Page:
3 Reasons Why Singapore Airlines’ New A350 Newark Route Is Exciting

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Many years ago Singapore Airlines used to fly an all-business class A340 service between Singapore and Newark. This was a rather prestigious route for the 100 passengers that got to fly on the route daily. However, as you’d expect for a quad-engine, 100-seat aircraft flying on a 19-hour route, the route wasn’t the most profitable ever.

A couple of days ago Singapore Airlines announced that they’d finally be resuming the Singapore-Newark routes (as promised when they initially canceled it in 2013), with their new A350-900ULR, which is the ultra-long-range version of the Airbus A350. I’ve flown the A350 on a couple of occasions before and love the plane, so I’m excited about the route.

a plane parked at an airportSingapore Airlines Airbus A350 Hong Kong Airport

There are a couple more reasons why I’m excited for the new Singapore to Newark route, which excites me in ways normal new route launches don’t. I thought I’d write a post to outline them below.

Singapore Airlines’ A350ULR will be awesome

Singapore Airlines has long had a pretty good business class product. I know there are some flaws, though their new-ish product is a decent product for sleeping, to say the least. I haven’t had the chance to test the seat out myself, though I know it’s one of the widest in the industry, and there’s direct aisle access – two things I value on a longhaul flight, especially one that spans the course of 19 hours, where I’ll want to have the chance to sleep and work.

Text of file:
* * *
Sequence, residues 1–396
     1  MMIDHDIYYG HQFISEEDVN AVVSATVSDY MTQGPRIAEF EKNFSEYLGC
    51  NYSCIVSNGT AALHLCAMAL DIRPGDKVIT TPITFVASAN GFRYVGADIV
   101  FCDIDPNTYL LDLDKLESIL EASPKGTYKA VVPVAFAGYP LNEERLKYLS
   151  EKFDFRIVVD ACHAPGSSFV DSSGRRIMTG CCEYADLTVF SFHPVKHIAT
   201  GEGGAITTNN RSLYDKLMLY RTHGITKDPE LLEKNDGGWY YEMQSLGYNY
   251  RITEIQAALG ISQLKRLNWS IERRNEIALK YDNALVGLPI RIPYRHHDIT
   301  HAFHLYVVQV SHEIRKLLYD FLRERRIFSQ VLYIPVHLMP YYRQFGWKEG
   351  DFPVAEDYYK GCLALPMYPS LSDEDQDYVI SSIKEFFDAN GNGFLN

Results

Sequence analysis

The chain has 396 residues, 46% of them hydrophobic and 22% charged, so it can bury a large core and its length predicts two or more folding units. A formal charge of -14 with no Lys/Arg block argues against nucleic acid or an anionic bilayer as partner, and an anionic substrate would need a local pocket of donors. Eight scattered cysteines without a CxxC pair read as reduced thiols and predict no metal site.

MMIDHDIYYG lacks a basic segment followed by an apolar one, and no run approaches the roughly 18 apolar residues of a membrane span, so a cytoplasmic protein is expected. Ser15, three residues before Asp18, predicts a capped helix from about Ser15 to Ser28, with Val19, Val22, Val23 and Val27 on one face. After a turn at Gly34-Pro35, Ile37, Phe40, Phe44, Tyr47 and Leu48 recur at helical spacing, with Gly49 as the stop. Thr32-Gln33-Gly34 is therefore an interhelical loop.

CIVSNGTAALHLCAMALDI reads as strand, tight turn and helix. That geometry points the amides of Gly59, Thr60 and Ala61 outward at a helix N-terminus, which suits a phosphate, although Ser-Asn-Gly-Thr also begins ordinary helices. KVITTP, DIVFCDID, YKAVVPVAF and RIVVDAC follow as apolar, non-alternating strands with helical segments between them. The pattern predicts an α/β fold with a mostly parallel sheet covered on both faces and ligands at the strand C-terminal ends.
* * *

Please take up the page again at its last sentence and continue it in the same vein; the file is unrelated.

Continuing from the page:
Furthermore, there’s even a chance that Singapore Airlines will use their updated seat that they’re retrofitting their A380s with, which feature additional privacy, and take up less real estate (which seems like a bad thing, though I’ve heard that the seats aren’t any less spacious, and the extra density may help drive down seat prices as well).

a seat in an airplaneSingapore Airlines Boeing 777 Business Class

However, the really exciting part about this A350 is that you won’t be stuck in economy either way, as there isn’t an economy cabin. The rearmost cabin will consist of premium economy seats, and while not industry leading (at least legroom wise), I can testify that Singapore Airlines’ premium economy product is pretty comfortable.

a row of seats in an airplaneSingapore Airlines Airbus A380 Premium Economy Cabin

Additionally, there’s WiFi, and I’ve heard good things about Singapore’s latest WiFi provider. So all in all, the hard product on this flight will be exceptional.

19 hours of time to spare…!

The new Singapore to Newark flights will be scheduled as follows between October 11 and October 28, 2018:

Singapore Airlines 22 Singapore to Newark dep. 23:35 arr. 06:00 (+1)
Singapore Airlines 21 Newark to Singapore dep. 10:45 arr. 17:30 (+1)

After October 28, the schedule will be adjusted as follows to adhere to the northern winter schedule:

Singapore Airlines 22 Singapore to Newark dep. 00:40 arr. 05:30
Singapore Airlines 21 Newark to Singapore dep. 09:45 arr. 17:15 (+1)

One thing that bugs me about transit flights of six hours is that there’s no time to get any “real” sleep. While transiting through the Middle East from Asia to the U.S. gets you in some great cabin products (especially when you’re traveling to New York, where there’s a high chance you’ll end up on one of the ME3’s A380s, or QSuites in the case of Qatar Airways), nine-hour flight times between Southeast Asia and the Middle East can be irritating, as there’s not enough time to get some rest and enjoy the product at the same time. Here there’s time on the outbound to get some sleep and have time to work and have a great meal, and on the inbound there’s time to work for a while, have lunch, and nap on the way back to Singapore.